Britain is set to go to the polls in an historic referendum on whether the country should remain a member of the European Union or leave.
Polling stations are open between 07:00 BST and 22:00 BST.
An estimated 46,499,537 people are entitled to take part in the vote – a record number for a UK election.
It is only the third nationwide referendum in UK history and comes after a four-month battle for votes between the Leave and Remain campaigns.
In common with other broadcasters, the BBC is limited in what it can report while polls are open but you can follow the results as they come in across the BBC after polls close on Thursday evening.
The referendum ballot paper asks the following question: "Should the United Kingdom remain a member of the European Union or leave the European Union?"
Whichever side gets more than half of all votes cast is considered to have won.
The weather forecast for polling day is mixed, with early thundery showers predicted in the south-east of England, which could dry up later on.
Sunshine and heavy showers are forecast for Northern Ireland and Scotland but it is set to be drier and brighter elsewhere.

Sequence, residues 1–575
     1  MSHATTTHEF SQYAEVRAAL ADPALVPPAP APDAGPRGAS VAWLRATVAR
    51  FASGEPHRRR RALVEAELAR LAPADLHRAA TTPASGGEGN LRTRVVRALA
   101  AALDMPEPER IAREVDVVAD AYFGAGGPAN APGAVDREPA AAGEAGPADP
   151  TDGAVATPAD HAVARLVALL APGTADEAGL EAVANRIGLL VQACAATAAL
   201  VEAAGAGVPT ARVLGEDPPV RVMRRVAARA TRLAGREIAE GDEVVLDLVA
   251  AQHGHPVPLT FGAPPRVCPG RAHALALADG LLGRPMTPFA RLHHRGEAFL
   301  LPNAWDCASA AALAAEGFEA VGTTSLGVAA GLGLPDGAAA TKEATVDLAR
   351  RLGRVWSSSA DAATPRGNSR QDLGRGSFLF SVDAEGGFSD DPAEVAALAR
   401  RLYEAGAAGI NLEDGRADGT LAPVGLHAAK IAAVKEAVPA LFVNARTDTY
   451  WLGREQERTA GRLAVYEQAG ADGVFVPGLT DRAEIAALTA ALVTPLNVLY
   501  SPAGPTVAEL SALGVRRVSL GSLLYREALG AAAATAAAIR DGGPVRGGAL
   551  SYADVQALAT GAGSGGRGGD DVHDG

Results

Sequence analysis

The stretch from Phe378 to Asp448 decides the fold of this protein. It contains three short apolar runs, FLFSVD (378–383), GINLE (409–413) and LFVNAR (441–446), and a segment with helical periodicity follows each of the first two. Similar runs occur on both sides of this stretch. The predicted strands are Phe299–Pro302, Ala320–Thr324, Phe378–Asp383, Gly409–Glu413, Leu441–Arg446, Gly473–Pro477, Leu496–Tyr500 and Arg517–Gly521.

After the referendum polls close at 22:00 BST, sealed ballot boxes will be collected and transported to the count venue for each of the 382 local counting areas.
These represent all 380 local government area in England, Scotland and Wales, plus one each for Northern Ireland and Gibraltar.
Individual areas' results will then be declared throughout the night, along with regional results from 11 regional counts.
Depending on how close the poll is, the result may become clear before the final national result is officially declared by the Chief Counting Officer, who will be based at Manchester Town Hall.
The Electoral Commission estimates a final result "around breakfast time" on Friday.